Lake Charleston homes for sale


Large housing inventories to be sold at deep discounts in 2011…and other stories


From recent HousingWire news and other sources: (all italics mine)

Foreclosure filings and completed foreclosures will reach record levels this year, after lenders exhaust alternatives such as mortgage modifications (which have been hugely unsuccessful)…Analysts expect increased losses to residential mortgage-backed securities, as a result, because large inventories of foreclosed homes will be sold at deep discounts

DBRS projects delinquency trends to continue climbing this year, as negative home equity persists, home prices remain down, unemployment stays high, and many borrowers have trouble refinancing due to tightened underwriting standards.

Analysts said the number of REO properties could double over the next 12 months to 4 million from 2 million, and it will take at least one to two years to sell those homes, further hindering recovery.


Interesting research from PEW Local Trends that goes into great detail about Strategic Defaults..

What will be surprising to many is the dramatic increase in the number of homeowners willing to walk away from their underwater home. Just 3 years ago when we started reporting on this phenomena similar studies were done that resulted in fewer than 10% of those surveyed deemed strategic defaulting as ‘acceptable’. Now, that number is approaching 40%…

What this will mean going forward is that homes that are not even on the banks radar for potential default/foreclosure will be going back to the bank in record numbers, increasing the already lofty numbers of expected bank-owned properties.


The mortgage interest tax deduction is being lead to the gallows for a little meeting with the guillotine…better known as the Obama Administration.

The National Association of Realtors is the lone voice in the blood thirsty crowd calling for the tax deduction to live on…

Here are the two sides of the argument:
The Off With Its Head…end the deduction argument: Why should non homeowners owners subsidize homeowners? Why are we punishing people for renting? Why create system that motivates people to buy more home than they otherwise would have? Why should the government incentive people taking on a mortgage thus, debt. (Sounds noble, does it not?….).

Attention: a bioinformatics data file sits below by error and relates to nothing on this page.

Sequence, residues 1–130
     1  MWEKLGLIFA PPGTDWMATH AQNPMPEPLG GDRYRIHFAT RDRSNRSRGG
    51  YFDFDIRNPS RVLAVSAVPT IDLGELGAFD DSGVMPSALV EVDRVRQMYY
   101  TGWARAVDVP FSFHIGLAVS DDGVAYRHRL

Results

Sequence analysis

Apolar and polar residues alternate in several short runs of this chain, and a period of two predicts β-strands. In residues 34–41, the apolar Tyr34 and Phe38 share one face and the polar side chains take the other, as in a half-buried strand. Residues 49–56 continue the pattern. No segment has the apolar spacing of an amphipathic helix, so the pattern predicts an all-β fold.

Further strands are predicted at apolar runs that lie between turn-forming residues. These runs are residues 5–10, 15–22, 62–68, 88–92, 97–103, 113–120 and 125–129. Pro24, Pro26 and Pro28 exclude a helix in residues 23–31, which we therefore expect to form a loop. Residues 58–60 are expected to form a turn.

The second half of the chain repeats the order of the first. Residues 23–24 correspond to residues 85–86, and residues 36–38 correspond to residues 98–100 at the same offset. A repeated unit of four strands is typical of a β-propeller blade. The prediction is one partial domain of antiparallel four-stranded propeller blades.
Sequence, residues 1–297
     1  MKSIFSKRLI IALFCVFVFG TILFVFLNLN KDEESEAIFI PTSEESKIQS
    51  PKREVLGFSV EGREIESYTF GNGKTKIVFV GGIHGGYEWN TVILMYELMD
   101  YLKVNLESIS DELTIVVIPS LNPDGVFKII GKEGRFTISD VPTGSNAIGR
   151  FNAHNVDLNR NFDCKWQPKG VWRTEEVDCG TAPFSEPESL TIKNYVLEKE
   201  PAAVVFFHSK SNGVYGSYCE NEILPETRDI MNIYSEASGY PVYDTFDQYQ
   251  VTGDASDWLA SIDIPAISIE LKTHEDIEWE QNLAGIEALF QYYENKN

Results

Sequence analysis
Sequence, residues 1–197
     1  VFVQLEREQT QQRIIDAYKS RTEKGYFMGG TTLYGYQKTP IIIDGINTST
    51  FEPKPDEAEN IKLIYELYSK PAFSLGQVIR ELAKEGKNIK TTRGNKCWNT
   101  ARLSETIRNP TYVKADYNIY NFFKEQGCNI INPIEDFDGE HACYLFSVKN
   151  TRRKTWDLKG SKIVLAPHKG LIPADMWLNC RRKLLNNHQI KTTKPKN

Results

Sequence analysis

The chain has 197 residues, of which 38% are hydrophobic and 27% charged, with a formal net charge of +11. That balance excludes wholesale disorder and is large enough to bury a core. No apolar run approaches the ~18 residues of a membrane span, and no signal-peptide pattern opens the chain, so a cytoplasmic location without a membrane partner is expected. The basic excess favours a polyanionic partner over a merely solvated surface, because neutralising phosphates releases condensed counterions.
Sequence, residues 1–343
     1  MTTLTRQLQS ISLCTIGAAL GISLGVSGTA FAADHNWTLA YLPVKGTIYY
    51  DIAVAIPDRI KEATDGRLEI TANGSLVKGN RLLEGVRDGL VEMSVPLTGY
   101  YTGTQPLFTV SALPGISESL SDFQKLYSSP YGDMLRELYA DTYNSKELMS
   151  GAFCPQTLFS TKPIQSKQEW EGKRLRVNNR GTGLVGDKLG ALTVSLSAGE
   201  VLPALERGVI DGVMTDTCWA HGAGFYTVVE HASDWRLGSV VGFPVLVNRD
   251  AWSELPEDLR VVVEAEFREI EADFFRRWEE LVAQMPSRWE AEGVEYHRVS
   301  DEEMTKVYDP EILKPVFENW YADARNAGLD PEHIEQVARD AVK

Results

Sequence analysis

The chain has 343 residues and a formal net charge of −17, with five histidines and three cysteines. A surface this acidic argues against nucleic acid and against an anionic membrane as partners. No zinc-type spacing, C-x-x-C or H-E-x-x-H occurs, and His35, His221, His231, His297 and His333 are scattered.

The ‘Let it live’ crowd’s argument: Owners are more stable, move less..invest more in communities. Owners spend more on home improvements and the like..thus, putting more money back into their communities.

I can tell you this for certain…regardless if you are red or blue…if the mortgage interest tax deduction, that will be quite a few nails in the housing coffin.


Looming changes for Fannie and Freddie. The White House outlined last Friday its plans to begin shrinking their support of both of the government sponsored entities (GSEs) Fannie Mae and Freddie Mac. While the process could take several years, the effects will be felt in coming months.

Everything about obtaining a mortgage loan is about to change. Vastly fewer people will have the financial ability to obtain a loan.

It seems that the current administration is attempting to move us away from a homeownership society to a generation of renters…however, if the tax benefits of owning a primary residence are removed, do you think that the tax benefits of investor-owned properties will be left intact? If there are greatly reduced incentives (or even restrictive penalties i.e.. rent control) for investors, whom do you think will own all of the properties that people will need to rent?…It will be local/state or federal agencies that become the new landlords…watch out for this!


I post these stories and opinions not to alarm but to inform…there is so much ‘spin’ out there from the various interest groups that it is hard to know which way is up or down.

For certain individuals and investors, in very specific circumstances…now is a great time to buy. Conversely, with what I think is going to be happening in the next few years to the housing market, now is also a good time to sell…it is hard to see, but will be clear in retrospect.



I think I'll just let the bank have it...(don't do it!)

 Courtesy of our friend and expert real estate attorney, Richard Zaretsky, comes this article that addresses a question that we get from everyone who is upside down or behind on their mortgage...(thanks Richard)

In the series of questions I get when interviewing a potential client who is upside down on his or her mortgage, one question always asked (especially after I quote my fee) is "What if I decide to do nothing?"